Eating disorders are a range of psychological conditions that cause unhealthy eating habits to develop. They might start with an obsession with food, body weight, or body shape.
In severe cases, eating disorders can cause serious health consequences and may even result in death if left untreated. In fact, eating disorders are among the deadliest mental illnesses, second to opioid overdose.
People with eating disorders can have a variety of symptoms. Common symptoms include severe restriction of food, food binges, and purging behaviors like vomiting or overexercising.
Although eating disorders can affect people of any gender at any life stage, they’re increasingly common in men and gender nonconforming people. These populations often seek treatment at lower rates or may not report their eating disorder symptoms at all.
What are the signs of an eating disorder?
Different types of eating disorders have different symptoms, but each condition involves an extreme focus on issues related to food and eating, and some involve an extreme focus on weight.
This preoccupation with food and weight may make it hard to focus on other aspects of life.
Mental and behavioral signs may include:
- dramatic weight loss
- concern about eating in public
- preoccupation with weight, food, calories, fat grams, or dieting
- complaints of constipation, cold intolerance, abdominal pain, lethargy, or excess energy
- excuses to avoid mealtime
- intense fear of weight gain or being “fat”
- dressing in layers to hide weight loss or stay warm
- severely limiting and restricting the amount and types of food consumed
- refusing to eat certain foods
- denying feeling hungry
- expressing a need to “burn off” calories
- repeatedly weighing oneself
- patterns of binge eating and purging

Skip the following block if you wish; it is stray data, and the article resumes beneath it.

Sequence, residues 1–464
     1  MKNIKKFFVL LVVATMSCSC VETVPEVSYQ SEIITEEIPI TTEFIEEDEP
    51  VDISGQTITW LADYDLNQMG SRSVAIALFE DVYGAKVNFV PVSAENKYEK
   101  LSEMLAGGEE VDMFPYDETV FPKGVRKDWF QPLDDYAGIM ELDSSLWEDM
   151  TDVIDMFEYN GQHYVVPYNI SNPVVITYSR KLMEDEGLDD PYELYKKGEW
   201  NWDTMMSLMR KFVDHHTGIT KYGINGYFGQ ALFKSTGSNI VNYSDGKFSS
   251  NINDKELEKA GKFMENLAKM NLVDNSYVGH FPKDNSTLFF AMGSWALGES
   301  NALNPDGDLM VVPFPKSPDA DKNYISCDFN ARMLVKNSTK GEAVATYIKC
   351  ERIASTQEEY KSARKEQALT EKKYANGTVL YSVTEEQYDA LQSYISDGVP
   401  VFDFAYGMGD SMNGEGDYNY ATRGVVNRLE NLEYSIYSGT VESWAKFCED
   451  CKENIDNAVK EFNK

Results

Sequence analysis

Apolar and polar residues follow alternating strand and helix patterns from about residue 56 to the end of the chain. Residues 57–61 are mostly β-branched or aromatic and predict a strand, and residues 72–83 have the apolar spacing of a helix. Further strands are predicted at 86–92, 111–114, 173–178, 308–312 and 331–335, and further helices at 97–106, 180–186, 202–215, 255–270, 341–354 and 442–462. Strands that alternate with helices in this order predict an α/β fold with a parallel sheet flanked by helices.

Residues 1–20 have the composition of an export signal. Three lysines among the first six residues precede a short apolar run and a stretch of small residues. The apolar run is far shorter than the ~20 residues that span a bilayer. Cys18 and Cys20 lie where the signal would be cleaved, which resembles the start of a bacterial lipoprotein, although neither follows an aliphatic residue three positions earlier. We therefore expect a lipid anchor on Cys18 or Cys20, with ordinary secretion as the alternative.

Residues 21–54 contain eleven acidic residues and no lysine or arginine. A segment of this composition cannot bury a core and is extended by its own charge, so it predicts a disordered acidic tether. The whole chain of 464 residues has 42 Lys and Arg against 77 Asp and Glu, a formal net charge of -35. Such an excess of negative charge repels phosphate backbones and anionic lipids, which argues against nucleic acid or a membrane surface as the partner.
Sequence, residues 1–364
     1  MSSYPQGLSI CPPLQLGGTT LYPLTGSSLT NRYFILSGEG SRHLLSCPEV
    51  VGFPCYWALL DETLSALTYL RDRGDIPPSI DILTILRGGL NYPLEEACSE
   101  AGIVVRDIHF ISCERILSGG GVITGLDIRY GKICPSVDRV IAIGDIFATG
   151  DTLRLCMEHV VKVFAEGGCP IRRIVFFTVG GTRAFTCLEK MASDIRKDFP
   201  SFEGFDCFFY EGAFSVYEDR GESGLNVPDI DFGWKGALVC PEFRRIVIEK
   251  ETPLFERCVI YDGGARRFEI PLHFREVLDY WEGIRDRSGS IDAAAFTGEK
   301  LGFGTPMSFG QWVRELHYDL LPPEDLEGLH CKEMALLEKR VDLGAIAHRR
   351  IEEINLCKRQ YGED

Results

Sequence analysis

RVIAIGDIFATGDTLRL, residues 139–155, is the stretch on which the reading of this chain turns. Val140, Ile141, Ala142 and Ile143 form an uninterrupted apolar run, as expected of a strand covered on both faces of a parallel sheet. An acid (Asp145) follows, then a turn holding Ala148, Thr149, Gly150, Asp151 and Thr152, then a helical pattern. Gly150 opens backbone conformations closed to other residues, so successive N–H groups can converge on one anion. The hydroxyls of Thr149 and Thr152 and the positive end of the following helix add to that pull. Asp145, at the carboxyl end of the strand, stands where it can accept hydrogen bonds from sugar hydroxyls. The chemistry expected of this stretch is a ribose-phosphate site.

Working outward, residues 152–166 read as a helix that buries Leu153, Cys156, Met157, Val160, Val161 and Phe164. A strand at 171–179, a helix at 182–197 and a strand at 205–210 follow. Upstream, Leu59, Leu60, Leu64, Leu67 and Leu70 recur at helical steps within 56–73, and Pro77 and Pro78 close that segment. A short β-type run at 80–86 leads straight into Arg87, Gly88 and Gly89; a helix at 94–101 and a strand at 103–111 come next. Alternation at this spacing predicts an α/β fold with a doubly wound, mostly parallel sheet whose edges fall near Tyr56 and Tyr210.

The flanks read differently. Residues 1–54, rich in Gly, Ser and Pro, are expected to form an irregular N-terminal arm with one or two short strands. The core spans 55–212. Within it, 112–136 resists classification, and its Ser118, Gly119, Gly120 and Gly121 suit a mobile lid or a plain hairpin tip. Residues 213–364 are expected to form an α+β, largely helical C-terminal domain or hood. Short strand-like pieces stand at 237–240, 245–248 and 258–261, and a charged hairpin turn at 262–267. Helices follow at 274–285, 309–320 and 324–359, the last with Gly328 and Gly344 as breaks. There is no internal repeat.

- developing rituals around food
- excessively exercising
- cooking meals for others without eating
- missing menstrual periods (in people who would typically menstruate)
What causes eating disorders?
Experts believe that a variety of factors may contribute to eating disorders.
One of these is genetics. People who have a sibling or parent with an eating disorder seem to be at an increased risk of developing one.
Personality traits are another factor. In particular, neuroticism, perfectionism, and impulsivity are three personality traits often linked to a higher risk of developing an eating disorder, according to a 2015 research review.
Other potential causes include perceived pressures to be thin, cultural preferences for thinness, and exposure to media promoting these ideals.
More recently, experts have proposed that differences in brain structure and biology may also play a role in the development of eating disorders. In particular, levels of the brain messaging chemicals serotonin and dopamine may be factors.
However, more studies are needed before strong conclusions can be made.
How do you get over an eating disorder?
- Reach out for support
- Choose the right time and place. There are no hard and fast rules for telling someone about your eating disorder. …
- Starting the conversation. …
- Be patient. …
- Be specific about how the person can best support you. …
- Individual or group therapy. …
- Family therapy. …
- Nutritional counseling. …